The Martius flap procedure is a surgical procedure used to treat obstetric fistulas in women. Heinrich Martius developed the procedure in twentieth century Germany to treat women with urinary incontinence caused by stress, and later doctors used it to repair obstetric fistulas. Fistulas occur in pregnant women when a hole is torn between the vagina and the urinary tract (called vesicovaginal) or the vagina and the rectum (called rectovaginal). The hole, or fistula, occurs in the tissue separating two organs and therefore obstetric fistulas result in either urinary or fecal incontinence. Fistulas can occur due to surgery, injury, or chemotherapy, but they most commonly occur in pregnant women who experience prolonged labor and do not have adequate access to obstetric care. As a result of the Martius flap procedure, patients regain functional use of their vaginas without continued urinary or fecal incontinence.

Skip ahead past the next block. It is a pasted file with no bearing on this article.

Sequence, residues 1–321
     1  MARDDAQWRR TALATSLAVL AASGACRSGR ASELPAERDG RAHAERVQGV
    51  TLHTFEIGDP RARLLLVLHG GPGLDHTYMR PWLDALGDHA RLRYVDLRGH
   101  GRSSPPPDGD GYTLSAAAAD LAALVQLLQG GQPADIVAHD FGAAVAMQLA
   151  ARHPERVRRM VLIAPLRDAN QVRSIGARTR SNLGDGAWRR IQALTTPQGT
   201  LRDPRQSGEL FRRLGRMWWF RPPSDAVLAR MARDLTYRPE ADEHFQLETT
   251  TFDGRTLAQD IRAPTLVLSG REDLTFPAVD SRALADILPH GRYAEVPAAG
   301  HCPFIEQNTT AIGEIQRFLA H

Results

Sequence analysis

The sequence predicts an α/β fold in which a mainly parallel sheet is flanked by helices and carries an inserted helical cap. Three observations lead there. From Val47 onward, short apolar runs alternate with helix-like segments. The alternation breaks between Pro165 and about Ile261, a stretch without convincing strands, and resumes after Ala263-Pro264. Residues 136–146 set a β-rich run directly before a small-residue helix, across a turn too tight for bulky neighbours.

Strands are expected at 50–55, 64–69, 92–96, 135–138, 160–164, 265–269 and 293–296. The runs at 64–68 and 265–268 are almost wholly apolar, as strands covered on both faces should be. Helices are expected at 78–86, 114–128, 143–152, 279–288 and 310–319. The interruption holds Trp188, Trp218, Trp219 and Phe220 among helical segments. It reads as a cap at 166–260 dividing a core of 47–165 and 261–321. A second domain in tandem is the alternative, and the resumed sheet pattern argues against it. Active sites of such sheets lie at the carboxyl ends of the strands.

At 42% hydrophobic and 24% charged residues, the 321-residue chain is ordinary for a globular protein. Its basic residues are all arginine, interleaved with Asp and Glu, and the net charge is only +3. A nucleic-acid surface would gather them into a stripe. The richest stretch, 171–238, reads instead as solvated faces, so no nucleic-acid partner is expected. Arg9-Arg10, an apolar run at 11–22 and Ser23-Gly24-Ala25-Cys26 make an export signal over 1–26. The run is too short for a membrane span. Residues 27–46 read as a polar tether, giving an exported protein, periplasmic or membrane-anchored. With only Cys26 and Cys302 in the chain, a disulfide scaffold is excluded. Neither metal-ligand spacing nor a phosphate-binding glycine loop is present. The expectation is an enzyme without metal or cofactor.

Patsy Ciardullo Author:|
Nevada R. Wagoner Editor:|
Arizona State University. School of Life Sciences. Center for Biology and Society. Embryo Project Encyclopedia. Publisher:|
Arizona Board of Regents Publisher: